What are some professional obstacles you’ve faced and how did you overcome them?
Lisa: The lack of staffing has been a large professional challenge for many years, prior to the pandemic. We have a great team that works hard to make our events successful even during this challenge.
Susan: Frankly, the obstacles have been primarily with me and my own insecurities. The Union and UW-Madison is a very supportive environment. Luckily, I have great mentors who encouraged me to take on new duties and to try new things. Having advanced degrees was important, and the Union has been supportive of me pursuing my graduate degree. For me, it was having faith in myself, doing my homework, being prepared and going for it!
Heidi: An obstacle I’ve learned to navigate is raising children while working in an environment in which there’s always something going on. There’s always something that needs your attention at work and at home. I’ve come to the conclusion that finding a work-life balance doesn’t exist, that it’s an illusion. I think what we can do is be present, engaged and effective in the moment, wherever we are in that moment, and do the best work we can in that moment.
As a person of color in an organization that is predominantly white, I am continually trying to build relationships with students and staff, who don’t always have the same experiences or priorities while also trying to advance the ideals of diversity, inclusion and social justice. I sometimes have to figure out how to challenge in a way that isn’t interpreted as being personal and that keeps the conversation moving forward.
When I first started working at the Union, I was on every diversity committee and project, and I was there because I wanted to be there. But I had a realization that if I was in that space, it meant that someone else wasn’t. And so I began to consider how to create a commitment to diversity and inclusion within an organization that’s not reliant on one single person. There are times I’ve stepped up when needed, and there are times I’ve deliberately stepped back to make room for other people. I think that has helped grow capacity within our organization, so our organization’s diversity efforts weren’t built on a shaky foundation that solely relies on one person, particularly a person of color, who’s on all of the diversity committees and pushing those ideas forward. And I was that person for a while, but I think sharing that has been healthier for me, and it’s served the organization well to build the opportunity for people to really become allies and to understand and realize that they have a stake in that as much as I do as a person of color.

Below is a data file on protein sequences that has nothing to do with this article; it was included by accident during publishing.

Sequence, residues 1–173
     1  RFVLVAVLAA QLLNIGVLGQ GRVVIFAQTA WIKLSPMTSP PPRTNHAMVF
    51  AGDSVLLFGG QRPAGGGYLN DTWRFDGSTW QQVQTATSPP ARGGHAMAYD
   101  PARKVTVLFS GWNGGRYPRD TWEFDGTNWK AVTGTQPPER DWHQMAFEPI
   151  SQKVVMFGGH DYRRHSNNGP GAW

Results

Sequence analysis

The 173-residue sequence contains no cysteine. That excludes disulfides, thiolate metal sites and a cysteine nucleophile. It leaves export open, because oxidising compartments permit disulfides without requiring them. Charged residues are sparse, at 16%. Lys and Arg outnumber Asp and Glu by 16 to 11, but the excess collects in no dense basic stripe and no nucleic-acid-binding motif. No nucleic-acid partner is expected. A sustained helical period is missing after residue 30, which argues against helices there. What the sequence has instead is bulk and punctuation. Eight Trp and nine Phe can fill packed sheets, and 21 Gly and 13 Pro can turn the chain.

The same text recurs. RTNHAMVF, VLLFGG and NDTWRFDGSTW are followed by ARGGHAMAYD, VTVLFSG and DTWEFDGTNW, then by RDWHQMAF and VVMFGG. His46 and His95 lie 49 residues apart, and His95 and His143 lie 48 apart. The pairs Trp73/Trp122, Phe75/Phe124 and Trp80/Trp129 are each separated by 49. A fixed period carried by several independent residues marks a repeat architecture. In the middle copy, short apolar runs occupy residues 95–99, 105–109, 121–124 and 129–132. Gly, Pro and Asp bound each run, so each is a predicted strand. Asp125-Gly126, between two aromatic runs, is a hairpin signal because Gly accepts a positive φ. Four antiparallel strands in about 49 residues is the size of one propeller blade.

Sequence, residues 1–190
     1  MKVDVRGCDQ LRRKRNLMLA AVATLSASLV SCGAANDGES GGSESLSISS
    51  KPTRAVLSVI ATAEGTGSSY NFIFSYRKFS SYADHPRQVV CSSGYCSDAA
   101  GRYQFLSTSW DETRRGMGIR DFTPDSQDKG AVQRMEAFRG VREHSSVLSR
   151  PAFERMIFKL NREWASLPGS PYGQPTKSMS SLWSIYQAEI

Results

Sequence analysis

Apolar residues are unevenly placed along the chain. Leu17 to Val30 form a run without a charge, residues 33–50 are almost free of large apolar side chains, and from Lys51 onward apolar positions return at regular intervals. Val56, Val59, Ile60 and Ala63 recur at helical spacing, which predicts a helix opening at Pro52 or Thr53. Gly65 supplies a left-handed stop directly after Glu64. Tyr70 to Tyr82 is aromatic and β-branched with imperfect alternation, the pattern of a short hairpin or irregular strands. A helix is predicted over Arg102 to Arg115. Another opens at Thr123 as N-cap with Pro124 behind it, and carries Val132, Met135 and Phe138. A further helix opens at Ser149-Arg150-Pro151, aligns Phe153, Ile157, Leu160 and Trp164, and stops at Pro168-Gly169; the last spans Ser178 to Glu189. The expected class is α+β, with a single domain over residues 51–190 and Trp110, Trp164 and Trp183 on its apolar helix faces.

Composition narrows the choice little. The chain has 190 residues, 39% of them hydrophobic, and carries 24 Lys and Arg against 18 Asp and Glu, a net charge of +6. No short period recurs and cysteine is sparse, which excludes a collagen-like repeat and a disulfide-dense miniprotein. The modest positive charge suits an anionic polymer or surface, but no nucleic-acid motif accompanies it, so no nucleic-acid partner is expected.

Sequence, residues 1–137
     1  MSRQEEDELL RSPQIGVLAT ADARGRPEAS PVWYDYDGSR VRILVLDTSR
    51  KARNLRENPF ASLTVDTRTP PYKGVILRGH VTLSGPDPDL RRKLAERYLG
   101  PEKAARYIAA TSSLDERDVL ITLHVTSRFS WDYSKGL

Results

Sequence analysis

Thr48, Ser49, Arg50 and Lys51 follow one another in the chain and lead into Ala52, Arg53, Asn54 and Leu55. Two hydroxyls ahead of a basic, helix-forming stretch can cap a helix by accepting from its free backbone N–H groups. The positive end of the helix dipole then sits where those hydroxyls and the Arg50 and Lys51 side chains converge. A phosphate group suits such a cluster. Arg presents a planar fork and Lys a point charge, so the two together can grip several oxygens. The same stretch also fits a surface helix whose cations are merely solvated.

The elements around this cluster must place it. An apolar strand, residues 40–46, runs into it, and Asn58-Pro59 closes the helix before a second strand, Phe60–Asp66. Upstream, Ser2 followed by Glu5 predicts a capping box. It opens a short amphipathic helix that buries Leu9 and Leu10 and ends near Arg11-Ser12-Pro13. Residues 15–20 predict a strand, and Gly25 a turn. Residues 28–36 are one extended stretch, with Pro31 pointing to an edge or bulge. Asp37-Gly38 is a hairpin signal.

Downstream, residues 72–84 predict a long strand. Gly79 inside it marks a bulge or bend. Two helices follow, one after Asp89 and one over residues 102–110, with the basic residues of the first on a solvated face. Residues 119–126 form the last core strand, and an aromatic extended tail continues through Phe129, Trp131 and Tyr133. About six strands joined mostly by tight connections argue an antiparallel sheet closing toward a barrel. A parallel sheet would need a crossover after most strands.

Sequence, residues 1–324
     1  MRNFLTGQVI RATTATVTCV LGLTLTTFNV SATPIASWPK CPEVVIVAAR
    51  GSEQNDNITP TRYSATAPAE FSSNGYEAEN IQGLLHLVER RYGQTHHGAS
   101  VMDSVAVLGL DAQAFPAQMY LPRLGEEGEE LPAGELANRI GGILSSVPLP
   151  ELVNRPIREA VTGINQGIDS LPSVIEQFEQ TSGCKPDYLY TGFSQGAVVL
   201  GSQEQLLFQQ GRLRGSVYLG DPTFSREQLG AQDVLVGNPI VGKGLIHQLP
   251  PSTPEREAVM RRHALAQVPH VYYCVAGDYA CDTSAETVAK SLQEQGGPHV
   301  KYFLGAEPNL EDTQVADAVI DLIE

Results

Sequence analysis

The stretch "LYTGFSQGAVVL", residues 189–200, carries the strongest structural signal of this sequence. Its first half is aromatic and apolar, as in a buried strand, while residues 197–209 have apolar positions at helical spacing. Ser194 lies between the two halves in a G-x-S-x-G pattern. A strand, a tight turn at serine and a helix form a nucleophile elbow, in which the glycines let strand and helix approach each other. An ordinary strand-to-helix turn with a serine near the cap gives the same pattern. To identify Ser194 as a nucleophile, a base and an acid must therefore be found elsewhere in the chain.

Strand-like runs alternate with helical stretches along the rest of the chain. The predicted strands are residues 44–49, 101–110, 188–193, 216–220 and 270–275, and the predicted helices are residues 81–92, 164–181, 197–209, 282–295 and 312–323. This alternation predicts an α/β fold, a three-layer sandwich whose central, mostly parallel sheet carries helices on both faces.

Who do you go to for support when you need it?
Lisa: For support, my boss or other colleagues. On a personal level, I have a great group of friends.
Susan: I’ve had a lot of great mentors in my life. I continue to go to them for personal and professional advice.
Heidi: I have a really good group of friends that I depend on and trust. When I am struggling, I rely on them for distraction, reframing, and just to listen. It is an affirming group of women that will be honest and always have a new perspective for me to consider.
How have things changed as a woman in the workplace since you started your career?
Susan: I have found the Wisconsin Union to be very supportive of women in the workplace. I have never been denied an opportunity because I am a woman. And I am currently in a position that is typically held by men. As far as I recall, we’ve always had women in leadership at the Union.
Heidi: I feel there’s an increasing degree of flexibility over the years. I think we’ve seen that during COVID-19, too. But, over the years, there’s been increasing flexibility to bring more of yourself and understanding about when you have challenges. Those challenges are more accepted and, if not accepted, at least not looked down upon. And I think there’s more conscious effort to create more space for women, their voices and their perspectives, because I think there’s more awareness in society of the tendency for men to dominate those spaces.
I think, especially at a college campus and particularly at the Wisconsin Union, I think there are efforts to ensure that folks have an opportunity to weigh in at some point in the process. That’s a hard question, because, for me, the reason I’ve stayed with the Union for almost 20 years, is because, to me, it’s always been an organization that was invested in their employees. I always felt that, even when there were challenges or things weren’t going well in the day, it was a place that wanted me to be successful in all of my complexity. So, I don’t know that that’s changed at the Union. I feel like I lucked into working at the Wisconsin Union. That’s acknowledging it’s not perfect. But, when I think about other people I know and what their workplaces are like, I feel very fortunate to be able to call the Wisconsin Union my home for almost 20 years.
What professional advice would you give to other women?
Lisa: Have confidence in who you are and know that your voice can make a difference.
Susan: Don’t be afraid to try new things, believe in yourself and have great mentors.
Heidi: Keep learning. Be open and have an attitude of “yes.” Cultivate the attitude of “sure, let’s try it” or “I can do that.”
Thank you to Lisa, Susan Heidi, and all of the women who continue to help the Wisconsin Union provide experiences of a lifetime.
Note: Some responses have been edited for length and clarity.